Jacques Tatischeff (Tati for short) was a comedy filmmaker born in Yveslines, France in 1907. He worked as a professional rugby player and a music hall performer before getting involved in French cinema. His movie career spanned from the late 1930s to the late 1970s, although as a director he only made six feature films, beating Stanley Kubrick
(but not Charles Laughton
) as one of the least prolific filmmakers still held in high regard.
Tati's comedies are known for their attacks on materialism and for having barely any dialogue. Many of them feature a character named Monsieur Hulot, played by Tati, who is in many ways the French equivalent of Charlie Chaplin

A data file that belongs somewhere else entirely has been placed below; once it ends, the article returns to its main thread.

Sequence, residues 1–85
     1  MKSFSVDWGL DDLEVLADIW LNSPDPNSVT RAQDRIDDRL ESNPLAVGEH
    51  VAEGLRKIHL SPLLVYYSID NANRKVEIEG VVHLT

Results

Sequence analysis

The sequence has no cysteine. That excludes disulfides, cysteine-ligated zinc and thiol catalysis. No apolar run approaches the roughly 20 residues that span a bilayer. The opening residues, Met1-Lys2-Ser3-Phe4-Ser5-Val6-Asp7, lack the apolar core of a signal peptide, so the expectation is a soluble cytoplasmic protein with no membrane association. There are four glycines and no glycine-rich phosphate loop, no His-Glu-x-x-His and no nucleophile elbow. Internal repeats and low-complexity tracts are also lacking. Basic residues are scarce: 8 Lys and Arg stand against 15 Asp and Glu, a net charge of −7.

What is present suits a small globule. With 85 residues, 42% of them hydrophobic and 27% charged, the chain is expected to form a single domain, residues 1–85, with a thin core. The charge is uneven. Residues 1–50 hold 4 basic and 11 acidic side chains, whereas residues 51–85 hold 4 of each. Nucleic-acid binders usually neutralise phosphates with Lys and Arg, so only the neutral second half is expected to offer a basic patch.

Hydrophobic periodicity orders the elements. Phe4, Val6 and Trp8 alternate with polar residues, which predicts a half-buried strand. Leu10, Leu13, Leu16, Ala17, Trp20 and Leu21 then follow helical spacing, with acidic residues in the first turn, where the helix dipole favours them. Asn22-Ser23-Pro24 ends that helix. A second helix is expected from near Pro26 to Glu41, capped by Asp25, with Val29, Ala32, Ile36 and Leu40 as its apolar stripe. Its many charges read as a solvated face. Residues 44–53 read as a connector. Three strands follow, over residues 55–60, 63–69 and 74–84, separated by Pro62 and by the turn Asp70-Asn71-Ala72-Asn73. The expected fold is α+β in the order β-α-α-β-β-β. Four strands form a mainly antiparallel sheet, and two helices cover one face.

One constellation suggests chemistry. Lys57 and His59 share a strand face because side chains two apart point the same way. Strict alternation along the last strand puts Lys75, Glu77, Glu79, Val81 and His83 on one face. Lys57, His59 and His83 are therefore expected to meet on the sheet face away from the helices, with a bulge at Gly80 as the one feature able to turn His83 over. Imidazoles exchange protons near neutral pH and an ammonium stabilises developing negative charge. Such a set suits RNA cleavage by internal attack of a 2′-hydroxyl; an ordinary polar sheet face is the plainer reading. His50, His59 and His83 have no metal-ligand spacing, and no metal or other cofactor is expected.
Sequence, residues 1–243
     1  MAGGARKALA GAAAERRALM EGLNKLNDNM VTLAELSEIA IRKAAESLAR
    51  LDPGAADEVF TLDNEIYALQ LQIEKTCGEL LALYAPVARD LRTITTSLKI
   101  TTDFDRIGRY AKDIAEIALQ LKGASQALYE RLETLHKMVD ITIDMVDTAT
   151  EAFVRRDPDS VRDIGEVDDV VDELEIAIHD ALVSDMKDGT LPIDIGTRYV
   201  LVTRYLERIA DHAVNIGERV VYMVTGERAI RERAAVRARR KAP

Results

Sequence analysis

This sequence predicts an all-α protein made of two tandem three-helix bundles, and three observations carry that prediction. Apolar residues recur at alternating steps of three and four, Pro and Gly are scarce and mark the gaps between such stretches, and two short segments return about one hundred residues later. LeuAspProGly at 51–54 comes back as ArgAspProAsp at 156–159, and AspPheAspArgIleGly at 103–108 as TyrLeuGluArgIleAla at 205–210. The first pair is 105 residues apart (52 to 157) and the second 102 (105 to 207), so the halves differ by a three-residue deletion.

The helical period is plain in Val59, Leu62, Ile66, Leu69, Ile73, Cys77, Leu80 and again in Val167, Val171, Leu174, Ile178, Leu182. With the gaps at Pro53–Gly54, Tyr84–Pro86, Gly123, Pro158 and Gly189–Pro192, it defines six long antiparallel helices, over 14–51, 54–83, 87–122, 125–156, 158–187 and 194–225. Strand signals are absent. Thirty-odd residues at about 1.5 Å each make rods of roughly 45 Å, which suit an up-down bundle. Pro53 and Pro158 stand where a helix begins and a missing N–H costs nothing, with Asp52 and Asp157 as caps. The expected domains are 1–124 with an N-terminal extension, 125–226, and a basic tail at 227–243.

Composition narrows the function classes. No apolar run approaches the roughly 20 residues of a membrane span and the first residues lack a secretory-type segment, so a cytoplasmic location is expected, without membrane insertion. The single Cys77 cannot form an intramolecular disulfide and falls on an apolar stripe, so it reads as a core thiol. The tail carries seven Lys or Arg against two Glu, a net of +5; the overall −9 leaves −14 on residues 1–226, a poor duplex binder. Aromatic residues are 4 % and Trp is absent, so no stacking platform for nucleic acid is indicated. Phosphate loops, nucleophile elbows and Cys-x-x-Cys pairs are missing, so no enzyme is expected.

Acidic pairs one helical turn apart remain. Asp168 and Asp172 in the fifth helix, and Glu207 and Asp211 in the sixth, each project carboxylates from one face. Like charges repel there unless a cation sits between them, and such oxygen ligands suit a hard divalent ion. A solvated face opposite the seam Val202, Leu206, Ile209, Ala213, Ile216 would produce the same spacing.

's famous Tramp.
These are his major works:
- Jour De Fete (1949): Features more dialogue than in his other films; though the humor is still mostly visual.
- Mr. Hulot's Holiday (1953): The first of Tati's works starring Hulot. Later remade in English as Mr. Bean's Holiday.
- Mon Oncle (1958): Another Hulot outing, and Tati's first film in color.
- Playtime (1967): Which not only dispenses with meaningful dialogue, but also with lead actors (although Hulot does pop up intermittently).
- Trafic (1971): The swan song of Hulot.
- Parade (1974)
- The Illusionist (2010): An animated film made 25 years after Tati's death, based on one of his scripts, by a Canadian filmmaker named Sylvain Chomet. It is notable for its autobiographical elements concerning Tati and his daughter.